IU basketball is currently oversigned by 1 (sadly, this is allowed by the Big Ten conference) but the problem coming down the road is much bigger. I have been watching this looming oversigning status unfold and reading numerous IU basketball fan forums. The consensus of Hoosier fanatics is that Crean is going to have to orchestrate an exodus of players he recruited in their darkest days . . . players who cannot compete at the Big Ten level. Hoosier fans seem entirely OK with that. Many openly state, "That's the way big time sports operates. No player is guaranteed a 5 year career. If they can't cut it, be gone!"
In my opinion these are kids who chose to play for IU when Crean couldn't get top flight recruits to commit. Those kids forsook attending lesser programs where they could have played and probably starred. But commit they did. If those kids are jettisoned when Crean's big time recruits show up, I for one am going to have a big time problem with it.
IU's AD should have told Crean that his mission was to rebuild the Hoosiers slowly but steadily without compromising what's right. Shucking those first two signing classes now that they have better players coming in is just wrong. Moving more slowly by signing fewer top flight recruits for 2012 would have taken big cojones but it would have been the right thing to do. We'll see how this thing shakes out.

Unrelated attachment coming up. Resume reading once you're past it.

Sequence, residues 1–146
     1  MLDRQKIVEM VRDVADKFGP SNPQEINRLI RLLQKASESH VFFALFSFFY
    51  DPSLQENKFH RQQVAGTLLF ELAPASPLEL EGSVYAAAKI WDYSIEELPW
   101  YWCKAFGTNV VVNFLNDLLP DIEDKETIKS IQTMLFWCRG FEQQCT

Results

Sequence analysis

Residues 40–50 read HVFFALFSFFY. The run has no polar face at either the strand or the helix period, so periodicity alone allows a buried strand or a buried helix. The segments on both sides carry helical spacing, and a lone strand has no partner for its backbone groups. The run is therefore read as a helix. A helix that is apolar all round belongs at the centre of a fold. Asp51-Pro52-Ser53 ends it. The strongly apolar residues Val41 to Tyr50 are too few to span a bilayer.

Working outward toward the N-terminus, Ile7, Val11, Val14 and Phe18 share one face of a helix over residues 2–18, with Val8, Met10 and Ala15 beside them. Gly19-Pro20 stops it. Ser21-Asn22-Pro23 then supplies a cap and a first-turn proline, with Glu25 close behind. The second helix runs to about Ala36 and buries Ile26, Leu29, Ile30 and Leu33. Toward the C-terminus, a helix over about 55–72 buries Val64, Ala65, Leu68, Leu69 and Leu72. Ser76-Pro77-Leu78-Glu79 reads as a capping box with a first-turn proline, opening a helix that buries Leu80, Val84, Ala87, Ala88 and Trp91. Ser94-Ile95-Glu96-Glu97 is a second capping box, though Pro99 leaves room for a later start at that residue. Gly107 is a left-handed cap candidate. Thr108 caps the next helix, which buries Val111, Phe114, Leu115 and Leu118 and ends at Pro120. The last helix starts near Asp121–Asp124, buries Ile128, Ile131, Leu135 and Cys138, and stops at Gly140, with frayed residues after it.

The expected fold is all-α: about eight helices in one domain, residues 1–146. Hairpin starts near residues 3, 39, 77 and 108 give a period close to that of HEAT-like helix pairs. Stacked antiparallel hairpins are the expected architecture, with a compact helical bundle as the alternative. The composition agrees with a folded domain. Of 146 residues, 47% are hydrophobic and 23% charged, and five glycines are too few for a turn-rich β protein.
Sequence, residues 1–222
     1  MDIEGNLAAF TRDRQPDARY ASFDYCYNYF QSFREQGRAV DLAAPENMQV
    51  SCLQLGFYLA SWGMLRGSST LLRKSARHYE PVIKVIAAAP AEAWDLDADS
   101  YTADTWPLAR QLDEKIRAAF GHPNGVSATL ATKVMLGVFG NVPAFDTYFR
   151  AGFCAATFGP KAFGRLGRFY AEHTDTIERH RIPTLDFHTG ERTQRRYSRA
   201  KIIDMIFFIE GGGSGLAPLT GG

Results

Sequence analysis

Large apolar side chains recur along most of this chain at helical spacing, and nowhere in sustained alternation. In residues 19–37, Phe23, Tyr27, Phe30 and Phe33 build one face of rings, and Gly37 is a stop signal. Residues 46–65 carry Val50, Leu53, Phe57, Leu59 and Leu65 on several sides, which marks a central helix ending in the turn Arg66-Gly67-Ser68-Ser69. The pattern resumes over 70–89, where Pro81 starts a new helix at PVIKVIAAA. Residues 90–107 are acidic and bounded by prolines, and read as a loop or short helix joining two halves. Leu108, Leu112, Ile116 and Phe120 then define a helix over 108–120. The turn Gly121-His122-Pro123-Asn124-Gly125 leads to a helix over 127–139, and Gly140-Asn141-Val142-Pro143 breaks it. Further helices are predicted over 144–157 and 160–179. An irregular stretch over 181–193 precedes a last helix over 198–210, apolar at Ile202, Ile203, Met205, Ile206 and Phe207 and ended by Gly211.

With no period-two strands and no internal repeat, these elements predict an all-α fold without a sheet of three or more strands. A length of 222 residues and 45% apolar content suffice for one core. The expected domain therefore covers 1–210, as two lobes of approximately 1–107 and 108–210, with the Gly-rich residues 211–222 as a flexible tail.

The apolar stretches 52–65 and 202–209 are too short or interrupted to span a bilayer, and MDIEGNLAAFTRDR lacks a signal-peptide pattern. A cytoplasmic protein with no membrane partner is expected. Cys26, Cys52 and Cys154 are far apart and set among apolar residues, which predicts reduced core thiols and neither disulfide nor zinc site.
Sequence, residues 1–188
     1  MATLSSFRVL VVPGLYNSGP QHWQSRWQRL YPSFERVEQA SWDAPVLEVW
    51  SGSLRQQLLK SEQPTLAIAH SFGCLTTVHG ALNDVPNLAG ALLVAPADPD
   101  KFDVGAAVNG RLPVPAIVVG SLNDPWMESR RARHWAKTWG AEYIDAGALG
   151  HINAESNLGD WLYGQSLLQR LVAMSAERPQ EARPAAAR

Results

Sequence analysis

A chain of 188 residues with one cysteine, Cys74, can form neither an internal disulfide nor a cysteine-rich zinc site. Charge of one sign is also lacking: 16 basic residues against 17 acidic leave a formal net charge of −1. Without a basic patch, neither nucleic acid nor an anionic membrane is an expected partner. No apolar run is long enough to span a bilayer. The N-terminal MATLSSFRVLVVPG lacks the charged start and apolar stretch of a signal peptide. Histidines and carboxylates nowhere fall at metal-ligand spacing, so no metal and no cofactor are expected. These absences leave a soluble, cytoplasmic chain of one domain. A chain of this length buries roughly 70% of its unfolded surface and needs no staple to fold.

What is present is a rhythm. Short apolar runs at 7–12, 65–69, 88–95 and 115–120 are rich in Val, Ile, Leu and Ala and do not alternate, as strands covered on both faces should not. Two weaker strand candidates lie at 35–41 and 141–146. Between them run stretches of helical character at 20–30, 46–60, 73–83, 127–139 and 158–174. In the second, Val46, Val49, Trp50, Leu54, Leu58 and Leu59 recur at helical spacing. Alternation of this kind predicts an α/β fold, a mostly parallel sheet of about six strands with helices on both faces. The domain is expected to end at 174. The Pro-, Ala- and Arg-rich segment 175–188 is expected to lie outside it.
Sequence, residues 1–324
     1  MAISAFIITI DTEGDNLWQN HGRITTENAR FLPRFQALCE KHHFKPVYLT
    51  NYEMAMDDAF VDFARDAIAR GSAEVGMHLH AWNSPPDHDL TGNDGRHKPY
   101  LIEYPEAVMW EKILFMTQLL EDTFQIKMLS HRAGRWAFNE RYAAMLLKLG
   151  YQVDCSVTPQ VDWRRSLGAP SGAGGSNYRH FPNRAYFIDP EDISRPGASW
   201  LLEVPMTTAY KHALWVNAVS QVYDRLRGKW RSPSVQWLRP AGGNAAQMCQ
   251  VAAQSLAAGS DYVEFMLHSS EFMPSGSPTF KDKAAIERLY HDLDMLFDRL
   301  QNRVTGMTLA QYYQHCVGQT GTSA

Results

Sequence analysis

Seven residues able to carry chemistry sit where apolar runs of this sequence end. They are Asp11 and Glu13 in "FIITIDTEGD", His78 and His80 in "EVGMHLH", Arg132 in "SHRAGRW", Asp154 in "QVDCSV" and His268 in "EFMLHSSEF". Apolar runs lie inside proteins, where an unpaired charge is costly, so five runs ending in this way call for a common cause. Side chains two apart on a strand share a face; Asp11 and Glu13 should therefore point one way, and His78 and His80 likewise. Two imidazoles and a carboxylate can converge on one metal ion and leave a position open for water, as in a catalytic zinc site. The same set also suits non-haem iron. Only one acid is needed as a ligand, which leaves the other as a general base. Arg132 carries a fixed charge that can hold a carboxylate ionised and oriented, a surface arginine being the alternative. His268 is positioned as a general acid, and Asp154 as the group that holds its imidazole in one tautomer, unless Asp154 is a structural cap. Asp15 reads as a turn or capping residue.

Kelvin Sampson was corrupt; let's see what Tom Crean is made of.
Chris Low, ESPN's SEC Blogger, was recently asked if he thought anything would come of the recent movement to have oversigning banned.
We'll find out a lot more at the SEC spring meetings in Destin, Fla., but I can tell you that a number of SEC coaches have made it clear to their ADs and to SEC commissioner Mike Slive that managing numbers in terms of scholarships has been one of the best things the SEC has done in football and a big reason the league has had so much success. In other words, the coaches will fight any kind of hard cap (similar to what the Big Ten does)in a big way.
We'll see what happens in Destin, should be interesting. Mike Slive has a real opportunity to step up and be forever known as the man who ended oversigning in the SEC, something no one has been able to do for 40 years.
Perhaps without them he would be playing golf instead of pulling scholarship offers at the last minute.
But hey, time heals all wounds, right? Are academics in South Carolina really that piss poor?
Hope Mike Slive is proud.
Things are starting to heat back up a little on the oversigning topic. The last few weeks have been slow, but with the conference meetings coming soon, as well as the forced attrition to clear roster space via medical hardships, grayshirts, and coerced transfers to lower tier programs, we will start to see a lot more news on the oversigning front.
Will Muschamp got things going today during a teleconference with all 12 SEC head coaches when he had this to say when asked about oversigning and grayshirting: